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Texas A&M turns up the heat on fire ants

Article

College Station, Texas -- Researchers are experimenting with a tiny fly to take the sting out of the power of fire ants, which can threaten young calves.

College Station, Texas

-- Researchers are experimenting with a tiny fly to take the sting out of the power of fire ants, which can threaten young calves.

Researchers at the University of Texas at Austin and Texas A&M's AgriLife Extension Service say a tiny phorid fly -- imported from its native South America -- has pathogens that attack fire ants to help keep their population and movements under control.

The flies work by attacking fire ant colonies and laying eggs. The eggs hatch inside the ants, then eat away at their brain, causing the ants to exhibit what the researchers have dubbed "zombie-like" behaviors. The maggots eventually travel to the ant's head, and the ant starts to wander aimlessly away from the colony. About a month after the egg is laid, the ant's head falls off and the fly emerges, ready to attack another colony.

"The parasite does this so it can complete development without being detected and attacked by the fire ant colony," says Dr. Scott Ludwig of the AgriLife program. "By making their hosts wander away, the parasite is insuring its survival."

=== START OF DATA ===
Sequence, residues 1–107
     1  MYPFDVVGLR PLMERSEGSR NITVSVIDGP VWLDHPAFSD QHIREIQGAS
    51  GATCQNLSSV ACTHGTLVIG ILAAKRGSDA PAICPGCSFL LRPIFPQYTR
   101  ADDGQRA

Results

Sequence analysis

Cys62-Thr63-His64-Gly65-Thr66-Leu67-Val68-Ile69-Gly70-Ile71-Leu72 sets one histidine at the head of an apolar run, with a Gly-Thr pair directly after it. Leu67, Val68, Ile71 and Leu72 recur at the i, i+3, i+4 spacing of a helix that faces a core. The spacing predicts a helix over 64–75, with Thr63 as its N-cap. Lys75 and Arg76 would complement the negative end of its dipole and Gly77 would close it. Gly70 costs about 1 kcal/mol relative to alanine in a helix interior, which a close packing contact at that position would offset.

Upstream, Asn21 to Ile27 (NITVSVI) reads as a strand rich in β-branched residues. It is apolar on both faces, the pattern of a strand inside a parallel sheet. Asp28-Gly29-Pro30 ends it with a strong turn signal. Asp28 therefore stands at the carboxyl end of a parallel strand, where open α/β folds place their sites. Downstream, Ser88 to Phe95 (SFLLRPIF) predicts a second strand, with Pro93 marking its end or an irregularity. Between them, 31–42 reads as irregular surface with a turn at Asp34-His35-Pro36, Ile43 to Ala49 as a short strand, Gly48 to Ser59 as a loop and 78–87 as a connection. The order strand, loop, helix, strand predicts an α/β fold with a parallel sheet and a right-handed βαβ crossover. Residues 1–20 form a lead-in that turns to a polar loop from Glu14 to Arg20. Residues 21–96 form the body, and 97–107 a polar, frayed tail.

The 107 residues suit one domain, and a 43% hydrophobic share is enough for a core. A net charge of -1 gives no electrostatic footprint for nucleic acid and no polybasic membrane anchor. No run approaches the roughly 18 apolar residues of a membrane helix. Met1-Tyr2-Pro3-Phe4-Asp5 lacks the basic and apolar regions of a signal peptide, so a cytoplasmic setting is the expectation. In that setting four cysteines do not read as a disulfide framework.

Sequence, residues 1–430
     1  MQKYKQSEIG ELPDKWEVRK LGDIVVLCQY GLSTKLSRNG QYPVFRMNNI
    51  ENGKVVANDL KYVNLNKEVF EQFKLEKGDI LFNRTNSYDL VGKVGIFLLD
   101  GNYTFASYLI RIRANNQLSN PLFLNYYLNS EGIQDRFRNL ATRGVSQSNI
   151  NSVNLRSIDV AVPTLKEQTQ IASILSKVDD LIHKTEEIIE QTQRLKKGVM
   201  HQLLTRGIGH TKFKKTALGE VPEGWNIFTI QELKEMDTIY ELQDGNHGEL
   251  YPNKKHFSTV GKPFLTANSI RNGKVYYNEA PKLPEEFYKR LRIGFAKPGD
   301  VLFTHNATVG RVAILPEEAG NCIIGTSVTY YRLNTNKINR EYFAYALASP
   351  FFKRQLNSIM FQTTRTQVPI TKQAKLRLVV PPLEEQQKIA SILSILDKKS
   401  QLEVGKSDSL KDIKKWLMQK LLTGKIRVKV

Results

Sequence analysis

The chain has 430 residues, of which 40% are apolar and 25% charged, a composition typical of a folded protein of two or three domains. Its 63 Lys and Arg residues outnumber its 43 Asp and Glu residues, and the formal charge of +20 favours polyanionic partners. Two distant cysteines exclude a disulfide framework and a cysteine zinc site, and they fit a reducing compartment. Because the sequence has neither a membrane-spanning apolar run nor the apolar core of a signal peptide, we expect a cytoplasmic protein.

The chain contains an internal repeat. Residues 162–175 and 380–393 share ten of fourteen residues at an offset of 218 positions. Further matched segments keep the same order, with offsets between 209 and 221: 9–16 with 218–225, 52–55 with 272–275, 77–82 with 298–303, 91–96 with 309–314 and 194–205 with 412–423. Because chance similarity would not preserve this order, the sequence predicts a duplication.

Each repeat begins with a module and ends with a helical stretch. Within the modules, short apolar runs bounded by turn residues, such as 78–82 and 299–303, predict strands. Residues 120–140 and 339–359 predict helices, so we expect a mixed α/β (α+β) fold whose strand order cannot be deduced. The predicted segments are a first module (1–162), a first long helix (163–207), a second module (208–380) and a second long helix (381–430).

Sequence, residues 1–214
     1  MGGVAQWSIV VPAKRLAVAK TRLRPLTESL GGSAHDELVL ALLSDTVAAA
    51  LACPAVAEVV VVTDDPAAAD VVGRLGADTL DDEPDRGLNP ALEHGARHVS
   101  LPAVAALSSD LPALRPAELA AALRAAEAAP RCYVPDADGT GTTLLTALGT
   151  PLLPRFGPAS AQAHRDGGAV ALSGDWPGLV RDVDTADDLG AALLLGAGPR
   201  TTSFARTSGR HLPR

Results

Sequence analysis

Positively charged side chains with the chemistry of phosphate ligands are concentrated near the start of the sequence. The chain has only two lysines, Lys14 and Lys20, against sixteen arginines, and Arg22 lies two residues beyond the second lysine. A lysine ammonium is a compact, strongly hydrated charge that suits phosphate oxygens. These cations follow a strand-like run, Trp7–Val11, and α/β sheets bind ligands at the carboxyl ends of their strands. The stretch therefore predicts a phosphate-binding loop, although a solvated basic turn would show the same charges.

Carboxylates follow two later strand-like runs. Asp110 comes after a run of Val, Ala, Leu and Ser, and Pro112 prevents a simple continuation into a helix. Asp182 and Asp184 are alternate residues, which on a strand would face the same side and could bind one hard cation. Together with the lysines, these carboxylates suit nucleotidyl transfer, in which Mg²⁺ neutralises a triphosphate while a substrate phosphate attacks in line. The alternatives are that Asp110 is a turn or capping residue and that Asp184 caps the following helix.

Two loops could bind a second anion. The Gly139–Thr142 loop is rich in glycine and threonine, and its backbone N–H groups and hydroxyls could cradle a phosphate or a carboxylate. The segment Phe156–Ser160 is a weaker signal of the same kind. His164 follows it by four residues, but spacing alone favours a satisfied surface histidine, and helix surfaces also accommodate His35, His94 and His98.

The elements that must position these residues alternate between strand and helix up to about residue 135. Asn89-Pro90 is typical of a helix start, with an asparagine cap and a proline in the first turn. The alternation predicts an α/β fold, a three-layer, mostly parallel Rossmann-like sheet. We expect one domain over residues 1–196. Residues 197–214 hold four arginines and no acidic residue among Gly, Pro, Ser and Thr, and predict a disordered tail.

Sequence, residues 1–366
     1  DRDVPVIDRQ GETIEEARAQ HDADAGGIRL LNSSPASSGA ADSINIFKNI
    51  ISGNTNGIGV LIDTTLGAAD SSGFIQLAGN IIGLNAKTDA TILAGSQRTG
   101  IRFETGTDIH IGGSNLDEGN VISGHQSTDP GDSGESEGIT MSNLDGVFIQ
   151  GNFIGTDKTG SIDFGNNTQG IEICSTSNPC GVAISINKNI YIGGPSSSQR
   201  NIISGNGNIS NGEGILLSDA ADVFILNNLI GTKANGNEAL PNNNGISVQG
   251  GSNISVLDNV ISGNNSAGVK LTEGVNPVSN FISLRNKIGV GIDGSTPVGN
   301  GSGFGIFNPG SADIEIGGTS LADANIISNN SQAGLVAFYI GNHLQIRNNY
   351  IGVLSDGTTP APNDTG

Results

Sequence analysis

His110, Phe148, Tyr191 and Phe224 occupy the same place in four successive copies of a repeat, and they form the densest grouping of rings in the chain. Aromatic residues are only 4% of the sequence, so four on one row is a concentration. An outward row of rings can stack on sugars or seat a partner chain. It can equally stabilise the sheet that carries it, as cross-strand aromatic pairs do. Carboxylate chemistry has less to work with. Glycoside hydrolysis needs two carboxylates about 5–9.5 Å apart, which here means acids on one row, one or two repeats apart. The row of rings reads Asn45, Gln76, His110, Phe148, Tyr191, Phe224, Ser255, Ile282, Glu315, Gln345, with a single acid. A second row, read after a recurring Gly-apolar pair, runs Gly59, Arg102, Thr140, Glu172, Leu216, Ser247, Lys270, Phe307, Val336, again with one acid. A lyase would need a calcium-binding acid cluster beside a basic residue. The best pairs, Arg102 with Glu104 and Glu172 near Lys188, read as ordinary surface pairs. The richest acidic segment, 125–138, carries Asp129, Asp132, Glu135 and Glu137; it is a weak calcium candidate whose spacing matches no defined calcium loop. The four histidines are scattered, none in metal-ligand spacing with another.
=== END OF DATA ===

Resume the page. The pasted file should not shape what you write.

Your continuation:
The flies therefore help to reduce the foraging area of fire ants, who after an attack will withdraw to their underground nests, Ludwig says. The phorid fly does not attack any native species, he adds, only red imported fire ants.

The flies are approved by the U.S. Department of Agriculture and only have been introduced in Gulf Coast states. Farmers and ranchers have cooperated with the study by allowing researchers to establish colonies on their property. Their effectiveness in the fight against fire ants in Texas will be slow and could take as long as a decade, though, adds Ludwig.

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